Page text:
KIRAN MATHUR MOHAMMED
Petrotrin’s refinery is an objectively terrible asset, and the government is right to take what it can get. Its best option now is to give it away to an energy company that can prove that it has the cash, capacity and track record to be able to properly and profitably restart the refinery as a tax-paying entity.
It’s a bit of a relief that the charade of negotiation with Patriotic is now over and the government has rejected its offer to buy the refinery. The government knew from day one that the union would never be able to present a viable deal, but of course politically it had to entertain the discussions to avoid upsetting the union.
The union just doesn’t have the cash, and its proposal is unbankable on a standalone basis.
Several weeks ago I wrote: “Anyone financing the union deal would inevitably have demanded the equivalent potential upside returns and charged a huge cost of capital – whether directly or indirectly (as it seems was the case) in the form of huge tax breaks – and that’s even in the highly questionable event that any deal could be completed at all.”
So said, so done. When I saw the Credit Suisse deal, it was obvious that this was one of those cases where the senior banker in New York likely said, “It can’t hurt, send over a proposal, but don’t waste too much time on it.”
The State would have had to either give Patriotic and Credit Suisse the equivalent of $5 billion in tax credits or transfer US$500 million in government-guaranteed Petrotrin receivables (including Heritage’s receivables) for the financing to become available.
Pretty audacious, I must admit. The government is correct to reject it out of hand.
Petrotrin is a dubious investment for any serious player. It makes no sense to pay money to buy a company with ancient legacy assets in a high-cost jurisdiction, especially if you know that the deal comes with lots of political and environmental risks and a riled-up union. The asset is illiquid and difficult to sell. Ancient assets mean the risk of accidents are still high.
Oil prices have always been volatile, and the massive international regulatory and consumer shift away from fossil fuels means that short-term investor appetite and medium-term demand for refined oil will both be weak.
Oh, forgot to mention – anyone who takes over the refinery needs to put in several hundred million USD to get it started.
Why would an international (or local for that matter) investor take on all this, when there are cheaper, cleaner and more attractive assets in other countries with fewer headlines and headaches?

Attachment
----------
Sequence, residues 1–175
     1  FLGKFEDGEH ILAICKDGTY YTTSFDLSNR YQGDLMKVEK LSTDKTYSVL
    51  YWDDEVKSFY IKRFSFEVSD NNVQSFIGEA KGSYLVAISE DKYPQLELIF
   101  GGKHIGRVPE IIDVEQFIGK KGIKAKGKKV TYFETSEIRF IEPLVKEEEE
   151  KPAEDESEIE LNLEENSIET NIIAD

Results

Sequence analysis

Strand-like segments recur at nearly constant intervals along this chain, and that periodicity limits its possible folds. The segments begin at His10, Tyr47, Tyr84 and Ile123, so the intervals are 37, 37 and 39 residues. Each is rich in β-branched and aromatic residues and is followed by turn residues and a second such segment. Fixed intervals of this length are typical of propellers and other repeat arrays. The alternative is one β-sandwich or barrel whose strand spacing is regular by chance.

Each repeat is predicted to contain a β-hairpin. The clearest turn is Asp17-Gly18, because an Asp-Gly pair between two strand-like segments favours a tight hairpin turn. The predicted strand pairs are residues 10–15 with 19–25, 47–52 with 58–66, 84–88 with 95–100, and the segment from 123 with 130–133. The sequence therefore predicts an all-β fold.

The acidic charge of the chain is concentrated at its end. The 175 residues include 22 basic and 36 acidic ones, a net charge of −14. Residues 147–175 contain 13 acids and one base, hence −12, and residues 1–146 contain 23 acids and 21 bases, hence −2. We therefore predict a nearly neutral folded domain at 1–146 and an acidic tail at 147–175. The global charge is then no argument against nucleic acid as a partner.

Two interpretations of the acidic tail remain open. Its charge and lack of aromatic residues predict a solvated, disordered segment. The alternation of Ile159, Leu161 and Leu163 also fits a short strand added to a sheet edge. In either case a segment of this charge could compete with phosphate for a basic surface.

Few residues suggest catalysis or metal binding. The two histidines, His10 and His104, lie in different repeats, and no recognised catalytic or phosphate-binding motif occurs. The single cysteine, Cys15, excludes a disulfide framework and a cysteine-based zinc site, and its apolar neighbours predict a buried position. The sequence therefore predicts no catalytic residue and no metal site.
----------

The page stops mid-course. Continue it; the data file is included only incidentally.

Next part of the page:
What options do we have?
Not many. In the original bidding round, the next best bidders were two international energy companies, Beowulf and Klesch. They both effectively offered nothing to take over and restart the refinery (Beowulf offered a US$42,000 monthly lease and Klesch indicated the only payment to government would be through taxes).
This is the best we are going to get. We can forget about an upfront price – the refinery is worthless. Even if we just shut it down, it would cost millions just to clear the land.
Remember, anyone who takes over the refinery still needs to put in hundreds of millions to restart it. If any such offers still stand post-covid19, we should take them. It will be more than worth it to create hundreds or even thousands of well-paying productive jobs and bring much-needed capital into the country. And if all goes well, the government will finally start seeing some much-needed taxes.
We should acknowledge the reality of the situation and support the government to finalise the renewed bidding process as swiftly and transparently as possible.
The country is spending too much time arguing over this issue. While that’s understandable, given Petrotrin’s historic symbolic value, the rest of the world is moving on. Dwelling on issues like the refinery is distracting us from the deeper structural structural reform and innovation that needs to happen.
The public sector should take Petrotrin’s restructuring as a lesson and encouragement for deeper reform. The private sector should not sit waiting for Petrotrin to start back. It should start retooling and adapting to a future where fossil fuels are not as relevant.
If we do neither, we will consign ourselves to another decade of stagnation and decline. We need to get this done and move on.
Kiran Mathur Mohammed is a social entrepreneur, economist and businessman. He is a former banker, and a graduate of the University of Edinburgh.